That famous Boston accent -- “pahk the cah in Hahvahd Yahd” -- is rare around Harvard Yard itself. Most professors and students come from elsewhere. So it was with some enthusiasm that I greeted those unmistakable flat A’s coming at me from a neighboring barstool at the joint I had slipped into before the start of a conference near Harvard. It was like sighting a rare bird in its native habitat. It was also an unexpected brush with a culture that, too often, is invisible to so many of us.
The man speaking was a guy around 30. He looked and talked remarkably like the actor Ben Affleck, who was raised nearby and effortlessly produces a rich Boston accent for his working-class film roles. Beside the man was a blond waitress with a permanent grin. She joshed with him, clearly a regular, and they swapped stories. It was a nice scene.
Then it took a bleak turn. They began talking about friends and family who had ruined or lost their lives to heroin or methamphetamine addictions. The waitress told a horrifying story of saving the life of her next-door neighbor, and mentioned almost casually that her younger sister had died at age 22 of an overdose. The man talked about his best friend becoming hooked, an addiction he was apparently still battling.
The bartender, an African-American woman originally from Phoenix, said she had learned on visits home how to deal with the many friends and acquaintances there who were using. “I hate to say it, but you know, it’s like in the zombie apocalypse. Once they go there, you have to cut them off entirely and have no contact anymore. Or else you get sucked in too.”
While one conversation in a bar doesn’t prove anything, the three people I encountered seemed emblematic of what is happening to too many Americans. They all had jobs, but the details of their lives seemed grim. They were on the fringes of the opiate and meth crisis that is chewing up the lives of the working class.
So it was with this dark vision in my mind that I went back across the street to the conference, which was entitled “Cities and Equity in the Era of the Trump Presidency” and was sponsored by the Lincoln Institute of Land Policy. The opening speaker was the economist and urbanologist Richard Florida, and he was talking about his new book, The New Urban Crisis.
The old urban crisis, Florida said, was about center cities and neighborhoods falling into disrepair, abandonment and poverty. The new crisis is about a small number of cities -- Boston, London, New York, San Francisco, Tokyo and a few others -- being too rich and leaving other cities and many of their own inhabitants behind. “This small group of elite places forges ever forward, while many -- if not most -- others struggle, stagnate or fall behind,” Florida writes in the book. “I call this process winner-take-all urbanism.”
Winner-take-all urbanism, according to Florida, produced the election of President Trump, as well as less-heralded events preceding it. The Newark, N.J.-born professor told about moving to Toronto, a city celebrated for its quaint neighborhoods and as the one-time home of the late urbanist writer and activist Jane Jacobs, only to see the election of Rob Ford as mayor. The ascent of Ford, the crack-using buffoon who won office on an anti-urban agenda that included ripping out bike paths, foreshadowed the election of Trump, Florida said. It was those left out of the new urban vision who voted for Trump in an effort to take back their cities and country.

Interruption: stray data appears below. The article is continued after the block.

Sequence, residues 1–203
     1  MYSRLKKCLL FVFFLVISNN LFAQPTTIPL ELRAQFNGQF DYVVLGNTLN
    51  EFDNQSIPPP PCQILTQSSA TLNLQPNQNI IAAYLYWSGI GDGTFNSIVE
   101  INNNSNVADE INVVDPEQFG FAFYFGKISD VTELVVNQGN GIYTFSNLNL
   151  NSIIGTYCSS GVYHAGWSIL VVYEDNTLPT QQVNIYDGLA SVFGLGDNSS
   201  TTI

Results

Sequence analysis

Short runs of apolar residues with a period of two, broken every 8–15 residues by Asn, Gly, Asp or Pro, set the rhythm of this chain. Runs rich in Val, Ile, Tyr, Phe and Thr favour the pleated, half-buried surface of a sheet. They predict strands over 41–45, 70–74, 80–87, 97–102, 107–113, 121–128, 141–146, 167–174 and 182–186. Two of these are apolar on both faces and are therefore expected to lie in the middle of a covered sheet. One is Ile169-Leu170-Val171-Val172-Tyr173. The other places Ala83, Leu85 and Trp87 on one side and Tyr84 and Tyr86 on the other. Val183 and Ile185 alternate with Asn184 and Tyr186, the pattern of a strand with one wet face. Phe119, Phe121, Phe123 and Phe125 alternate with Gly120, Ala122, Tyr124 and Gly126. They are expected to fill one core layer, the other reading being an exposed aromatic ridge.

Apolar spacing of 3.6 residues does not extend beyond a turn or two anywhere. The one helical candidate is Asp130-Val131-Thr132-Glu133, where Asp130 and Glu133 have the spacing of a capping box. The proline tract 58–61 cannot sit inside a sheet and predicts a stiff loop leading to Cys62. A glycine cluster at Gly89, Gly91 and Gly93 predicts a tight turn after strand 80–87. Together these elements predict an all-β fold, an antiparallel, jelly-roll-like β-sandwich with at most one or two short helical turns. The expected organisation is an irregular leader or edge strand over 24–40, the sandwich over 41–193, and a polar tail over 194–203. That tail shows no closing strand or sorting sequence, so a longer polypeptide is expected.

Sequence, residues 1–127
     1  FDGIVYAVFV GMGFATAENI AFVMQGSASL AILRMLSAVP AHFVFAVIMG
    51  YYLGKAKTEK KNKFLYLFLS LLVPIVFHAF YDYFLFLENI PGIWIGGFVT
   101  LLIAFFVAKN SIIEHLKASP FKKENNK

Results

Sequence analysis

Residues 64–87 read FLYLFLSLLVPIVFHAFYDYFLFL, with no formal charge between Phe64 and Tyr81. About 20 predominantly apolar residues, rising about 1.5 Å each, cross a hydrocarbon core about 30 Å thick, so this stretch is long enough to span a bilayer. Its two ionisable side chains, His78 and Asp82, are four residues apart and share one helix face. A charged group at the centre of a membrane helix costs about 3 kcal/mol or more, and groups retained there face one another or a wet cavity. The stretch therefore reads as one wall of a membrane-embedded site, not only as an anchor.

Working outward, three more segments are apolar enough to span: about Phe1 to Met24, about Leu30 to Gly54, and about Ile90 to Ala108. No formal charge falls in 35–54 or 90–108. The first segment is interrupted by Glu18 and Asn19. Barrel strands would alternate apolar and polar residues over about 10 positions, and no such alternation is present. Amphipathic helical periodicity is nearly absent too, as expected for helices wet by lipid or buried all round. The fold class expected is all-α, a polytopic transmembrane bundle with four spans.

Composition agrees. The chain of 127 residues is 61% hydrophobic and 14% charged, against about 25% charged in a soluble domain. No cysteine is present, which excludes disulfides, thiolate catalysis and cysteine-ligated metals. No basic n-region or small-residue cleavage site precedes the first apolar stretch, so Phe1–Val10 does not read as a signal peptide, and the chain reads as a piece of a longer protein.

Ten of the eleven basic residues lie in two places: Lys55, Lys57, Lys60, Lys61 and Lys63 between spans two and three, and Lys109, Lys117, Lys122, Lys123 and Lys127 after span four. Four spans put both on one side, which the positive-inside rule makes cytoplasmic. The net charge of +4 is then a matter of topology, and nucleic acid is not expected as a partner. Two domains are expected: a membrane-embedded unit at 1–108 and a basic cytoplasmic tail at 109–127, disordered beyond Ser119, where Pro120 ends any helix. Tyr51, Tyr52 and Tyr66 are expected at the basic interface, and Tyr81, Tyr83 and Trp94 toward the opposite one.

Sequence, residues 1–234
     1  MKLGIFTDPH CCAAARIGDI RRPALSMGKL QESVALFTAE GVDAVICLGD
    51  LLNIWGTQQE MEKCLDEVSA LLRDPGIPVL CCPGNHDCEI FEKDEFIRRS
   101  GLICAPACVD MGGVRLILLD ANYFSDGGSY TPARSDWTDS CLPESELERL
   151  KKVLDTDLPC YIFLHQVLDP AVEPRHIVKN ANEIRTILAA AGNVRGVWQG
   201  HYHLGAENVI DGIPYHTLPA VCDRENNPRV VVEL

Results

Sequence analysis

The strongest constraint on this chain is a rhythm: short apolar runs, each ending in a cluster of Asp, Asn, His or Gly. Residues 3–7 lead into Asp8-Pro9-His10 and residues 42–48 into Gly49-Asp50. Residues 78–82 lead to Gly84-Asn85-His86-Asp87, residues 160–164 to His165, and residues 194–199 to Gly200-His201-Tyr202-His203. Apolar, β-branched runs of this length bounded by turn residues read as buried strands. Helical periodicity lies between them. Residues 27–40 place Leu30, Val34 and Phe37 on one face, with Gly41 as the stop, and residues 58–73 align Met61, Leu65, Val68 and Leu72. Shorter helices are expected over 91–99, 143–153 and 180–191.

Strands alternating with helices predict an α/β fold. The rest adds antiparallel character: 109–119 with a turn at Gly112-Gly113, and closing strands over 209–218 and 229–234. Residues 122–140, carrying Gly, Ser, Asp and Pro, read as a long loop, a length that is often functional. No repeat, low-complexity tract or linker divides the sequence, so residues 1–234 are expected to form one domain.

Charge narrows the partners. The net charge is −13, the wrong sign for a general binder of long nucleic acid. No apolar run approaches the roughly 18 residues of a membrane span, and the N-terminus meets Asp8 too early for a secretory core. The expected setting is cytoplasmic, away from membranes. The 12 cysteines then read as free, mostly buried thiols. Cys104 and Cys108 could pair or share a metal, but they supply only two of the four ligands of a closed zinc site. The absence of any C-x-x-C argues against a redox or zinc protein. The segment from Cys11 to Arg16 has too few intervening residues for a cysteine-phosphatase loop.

Florida, of course, is hardly alone in noticing this emerging urban inequality: There were plenty of ideas at the conference for ways to begin countering it. Amy Cotter, who is leading the Lincoln Institute’s Legacy Cities Initiative, thought we should be encouraging young people to move to buzz-starved cities, places like Youngstown, Ohio. “People can find a quality of life and authenticity you can’t find elsewhere, and at an affordable price,” she said.
Mark Muro of the Brookings Institution described the tech industries -- successful though they might be -- as having “U-shaped job curves,” producing great wealth at the top end but low-paying service jobs at the bottom. He says that policies like guaranteed-income plans or government contributions to 401(k) plans could help to address this.
Florida proposed shifting money and power back to states and cities in a revival of the “new federalism” policy ideas of the 1980s. Many Republicans and conservatives have long favored this, and Florida thought that perhaps now might be the right time to try it.
For me, I believe it means looking at many issues that are not on liberal city agendas, such as the winner-take-all airline regulatory policies that have left many cities with poor air service and therefore a more difficult time with economic development. It means talking about more than just better transit, improved streets and a carbon tax.
On the last night of the conference I went back to the bar, and it was no longer the place of grim conversation that I had encountered before. This time it was full of happy, talkative people enjoying a few beers after a day of work or study. It was another reminder that we are in an era of two Americas, and that without more balance in our policies toward our cities we risk entering not a new urban age but a new Dark Age.